The corporate version also includes a drop box feature that lets those outside your organization send material to you in the same way you’d send material, but without having access to your YouSendIt account.
Pricing for the corporate suite for five users is $16.99 per month per user or $999.99 per year; for 10 users, $12.50 per month per user or $1,499.99 per year; for 15 users, $11.00 per month per user or $1,999.99 per year; for 20 users, $10.00 per month per user or $2,499.99 per year; and for 25 users, $9.99 per month per user or $2,999.99 per year. Larger licenses are negotiated individually.
In its most basic mode, YouSendIt is a Website that includes a form on which you can add the e-mail addresses of your intended recipients, a subject line and any comments, in addition to an upload function that lets you choose the files on your computer (or an attached server) to be sent. It also gives you the option of receiving a return receipt, and using a password and automatic tracking. A simple click on “Send” and the file is on its way. Your recipients will get a link to the file, which they can download to their computer. If you chose to be notified of delivery, you’ll receive an e-mail message confirming the files you sent made it to their destination.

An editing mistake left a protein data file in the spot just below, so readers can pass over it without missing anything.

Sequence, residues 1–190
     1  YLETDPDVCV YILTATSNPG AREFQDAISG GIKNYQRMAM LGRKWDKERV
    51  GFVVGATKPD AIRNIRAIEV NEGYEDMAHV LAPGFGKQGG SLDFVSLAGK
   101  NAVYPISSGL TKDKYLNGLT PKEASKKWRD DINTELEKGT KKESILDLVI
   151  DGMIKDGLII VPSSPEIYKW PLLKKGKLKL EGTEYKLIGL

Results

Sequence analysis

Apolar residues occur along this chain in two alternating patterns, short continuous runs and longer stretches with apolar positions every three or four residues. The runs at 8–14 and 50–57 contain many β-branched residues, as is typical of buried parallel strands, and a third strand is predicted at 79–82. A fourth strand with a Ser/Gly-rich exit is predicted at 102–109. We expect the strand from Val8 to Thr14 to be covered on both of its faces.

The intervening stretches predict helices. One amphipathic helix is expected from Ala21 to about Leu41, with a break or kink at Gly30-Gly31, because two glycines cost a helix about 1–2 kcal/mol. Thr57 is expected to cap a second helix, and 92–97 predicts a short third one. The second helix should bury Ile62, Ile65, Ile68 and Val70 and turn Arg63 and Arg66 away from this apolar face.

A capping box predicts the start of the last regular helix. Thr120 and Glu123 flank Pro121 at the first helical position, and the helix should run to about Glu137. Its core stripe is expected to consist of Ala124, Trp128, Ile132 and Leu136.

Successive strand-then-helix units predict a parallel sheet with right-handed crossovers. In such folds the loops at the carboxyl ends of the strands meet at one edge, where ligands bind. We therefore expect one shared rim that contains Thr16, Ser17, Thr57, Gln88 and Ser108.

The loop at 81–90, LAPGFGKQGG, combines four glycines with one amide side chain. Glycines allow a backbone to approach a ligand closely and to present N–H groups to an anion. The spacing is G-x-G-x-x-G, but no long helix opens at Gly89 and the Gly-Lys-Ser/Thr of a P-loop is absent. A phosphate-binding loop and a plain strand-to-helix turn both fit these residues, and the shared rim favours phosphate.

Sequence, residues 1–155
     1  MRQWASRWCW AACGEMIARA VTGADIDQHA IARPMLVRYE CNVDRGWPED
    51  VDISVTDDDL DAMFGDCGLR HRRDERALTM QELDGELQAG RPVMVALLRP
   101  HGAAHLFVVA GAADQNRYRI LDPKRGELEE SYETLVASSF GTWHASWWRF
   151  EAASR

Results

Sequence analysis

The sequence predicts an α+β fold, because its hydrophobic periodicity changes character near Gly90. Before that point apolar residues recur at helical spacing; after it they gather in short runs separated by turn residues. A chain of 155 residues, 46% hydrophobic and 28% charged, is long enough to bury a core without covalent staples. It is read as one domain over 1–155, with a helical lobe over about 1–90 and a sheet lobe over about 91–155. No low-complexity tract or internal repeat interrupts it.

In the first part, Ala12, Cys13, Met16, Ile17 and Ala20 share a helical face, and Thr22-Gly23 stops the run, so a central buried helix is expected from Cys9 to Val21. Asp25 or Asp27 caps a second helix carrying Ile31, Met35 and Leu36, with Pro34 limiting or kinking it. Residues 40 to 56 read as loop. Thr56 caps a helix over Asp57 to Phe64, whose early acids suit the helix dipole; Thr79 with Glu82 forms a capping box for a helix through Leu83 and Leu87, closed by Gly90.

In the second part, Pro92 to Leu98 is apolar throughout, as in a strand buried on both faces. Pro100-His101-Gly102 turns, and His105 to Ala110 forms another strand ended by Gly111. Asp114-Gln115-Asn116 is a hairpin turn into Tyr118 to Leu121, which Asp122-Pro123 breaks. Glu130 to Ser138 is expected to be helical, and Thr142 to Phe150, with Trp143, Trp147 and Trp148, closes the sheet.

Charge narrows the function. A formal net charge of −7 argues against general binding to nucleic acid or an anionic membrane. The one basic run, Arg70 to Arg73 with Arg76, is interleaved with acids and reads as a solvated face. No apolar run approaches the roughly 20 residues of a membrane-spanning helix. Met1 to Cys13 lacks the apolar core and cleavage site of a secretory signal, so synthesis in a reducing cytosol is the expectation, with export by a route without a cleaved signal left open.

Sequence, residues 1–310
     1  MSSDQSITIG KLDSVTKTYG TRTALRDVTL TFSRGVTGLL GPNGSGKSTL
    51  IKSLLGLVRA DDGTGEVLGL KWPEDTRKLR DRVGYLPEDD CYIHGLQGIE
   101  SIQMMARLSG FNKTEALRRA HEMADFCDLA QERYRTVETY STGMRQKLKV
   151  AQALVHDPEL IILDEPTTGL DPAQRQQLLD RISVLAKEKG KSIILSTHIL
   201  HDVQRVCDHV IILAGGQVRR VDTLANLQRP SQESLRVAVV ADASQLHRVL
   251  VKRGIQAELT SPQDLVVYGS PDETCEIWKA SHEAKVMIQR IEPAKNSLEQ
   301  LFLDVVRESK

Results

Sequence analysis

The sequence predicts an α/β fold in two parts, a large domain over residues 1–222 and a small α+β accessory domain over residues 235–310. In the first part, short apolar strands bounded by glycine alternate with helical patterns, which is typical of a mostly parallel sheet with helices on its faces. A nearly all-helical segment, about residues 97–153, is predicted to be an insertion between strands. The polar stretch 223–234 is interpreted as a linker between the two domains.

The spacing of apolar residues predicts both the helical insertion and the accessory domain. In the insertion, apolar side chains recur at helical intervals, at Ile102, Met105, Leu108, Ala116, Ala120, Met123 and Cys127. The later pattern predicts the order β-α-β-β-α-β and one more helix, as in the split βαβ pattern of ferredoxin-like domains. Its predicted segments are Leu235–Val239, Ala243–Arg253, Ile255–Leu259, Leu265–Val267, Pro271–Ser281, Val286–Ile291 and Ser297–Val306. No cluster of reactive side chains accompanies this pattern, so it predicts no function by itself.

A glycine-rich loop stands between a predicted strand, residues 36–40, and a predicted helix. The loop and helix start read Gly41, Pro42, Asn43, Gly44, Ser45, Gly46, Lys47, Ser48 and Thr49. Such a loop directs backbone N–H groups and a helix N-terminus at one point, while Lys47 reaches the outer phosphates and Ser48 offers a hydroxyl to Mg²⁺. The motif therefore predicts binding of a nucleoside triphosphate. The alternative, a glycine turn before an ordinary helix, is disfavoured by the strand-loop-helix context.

Because of its store-and-forward nature, the YouSendIt process adds to your convenience by not requiring that recipients be around to receive the file. They can go to the site within the time limit you set and get the file at their convenience.
If YouSendIt ended there, it would be a nice, but unremarkable means of managing file transfer. But there’s more. A series of applications are available for download that enable you to install YouSendIt Express. The Express version resides on your computer and, in addition to having the same functions (with nearly the same interface) as the Website, it allows you to attach entire folders. Plus, there are plug-ins for Adobe Photoshop and for Microsoft Office and Outlook, as well as other ones that I didn’t test.